Blind Chance -- Remember being a kid and experimenting with what it must feel like to be blind? For most of us, our experience with blindness is limited to The Miracle Worker or Little House on the Prairie, or maybe closing our eyes and stumbling around the perimeter of the living room. This Monday (President's Day), kids will have a rare chance not only to experience what it feels like to be sight-impaired but also to learn that vision means far more than just the ability to see. The Gallery at JOEL, currently showing the "Art of the Eye II" exhibit, will have a free educational event for kids on Monday, Feb. 21, from 1-3 pm. Children can meet guide dogs, see adaptive equipment and even try on goggles that simulate the effects of various vision impairments. While there, be sure to check out the "Art of the Eye" exhibit, which is a 42-piece collection by blind or partially sighted artists. For more information, call 326-5854.
Dramatic Departures -- New artistic director Yvonne Johnson regrets that she will have to forge ahead with plans to reinvigorate the Civic Theatre without the help of a couple of their stalwart contributors.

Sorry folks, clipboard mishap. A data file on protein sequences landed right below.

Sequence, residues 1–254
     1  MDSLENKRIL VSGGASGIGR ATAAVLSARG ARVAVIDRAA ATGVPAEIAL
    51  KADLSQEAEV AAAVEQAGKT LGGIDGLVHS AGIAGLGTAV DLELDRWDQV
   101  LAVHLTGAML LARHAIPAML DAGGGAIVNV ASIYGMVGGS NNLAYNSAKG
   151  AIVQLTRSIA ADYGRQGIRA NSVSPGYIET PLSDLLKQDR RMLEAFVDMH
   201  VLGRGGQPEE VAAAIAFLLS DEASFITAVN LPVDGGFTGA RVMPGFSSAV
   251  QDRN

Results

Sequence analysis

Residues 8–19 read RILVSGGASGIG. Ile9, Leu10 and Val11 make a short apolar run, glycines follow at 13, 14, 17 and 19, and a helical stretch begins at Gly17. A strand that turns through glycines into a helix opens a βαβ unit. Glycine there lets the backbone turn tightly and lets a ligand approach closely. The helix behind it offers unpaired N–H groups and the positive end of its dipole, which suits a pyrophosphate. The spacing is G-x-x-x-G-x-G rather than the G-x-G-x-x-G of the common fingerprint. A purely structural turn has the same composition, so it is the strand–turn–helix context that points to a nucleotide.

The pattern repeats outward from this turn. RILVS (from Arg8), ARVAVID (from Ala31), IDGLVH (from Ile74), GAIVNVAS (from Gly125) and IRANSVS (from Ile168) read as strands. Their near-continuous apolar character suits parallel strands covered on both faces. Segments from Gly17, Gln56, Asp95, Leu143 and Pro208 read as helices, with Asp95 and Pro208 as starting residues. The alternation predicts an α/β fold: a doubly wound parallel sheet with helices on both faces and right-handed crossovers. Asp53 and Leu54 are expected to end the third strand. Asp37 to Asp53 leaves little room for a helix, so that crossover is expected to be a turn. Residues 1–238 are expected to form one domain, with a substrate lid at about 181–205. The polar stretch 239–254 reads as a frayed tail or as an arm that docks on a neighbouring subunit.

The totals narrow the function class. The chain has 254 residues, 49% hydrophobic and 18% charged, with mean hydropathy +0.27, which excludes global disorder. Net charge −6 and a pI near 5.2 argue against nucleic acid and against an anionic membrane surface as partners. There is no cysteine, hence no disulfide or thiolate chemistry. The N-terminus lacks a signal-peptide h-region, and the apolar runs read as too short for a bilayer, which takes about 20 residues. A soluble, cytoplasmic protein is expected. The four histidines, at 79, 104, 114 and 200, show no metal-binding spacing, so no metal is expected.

Jean Hardie, citing her commitments as theater director at St. George's School, will be retiring in June as leader of the Box 'n' Hat children's theater group. The theater's longtime scenic artist, Nik Adams, will be retiring in November (though not until -- subject to board approval -- he paints a mural for the theater's new-look exterior).
Hardie's performances as Mother Superior in Nunsense, along with the many sets Adams designed and built, will live on in the memories of local theatergoers.
Is The Natural Unnatural? -- "From above her hips she looked like a girl, but the lower half of her looked like a woman." "She offered herself in a white dress and bare feet and was considerably surprised when he pounced like a tiger."
These and other distastefully erotic quotations have been the subject of an intense battle by parents of Central Valley and University high school students to strike Bernard Malamud's 1952 novel, The Natural from 10th grade required-reading lists recently. Although the Central Valley school board received more than 60 perfectly rational letters complaining about the blue prose -- along with one putting a Jesus hex on them -- the board voted 3-1 Monday to stick with the book, which tells the story of an aging baseball player trying to make it to the major leagues. Now let's see where were we? Oh yes, Ezekiel 23:20 (New International Version): "There she lusted after her lovers, whose genitals were like those of donkeys and whose emission was like that of horses." Ah, that's the stuff.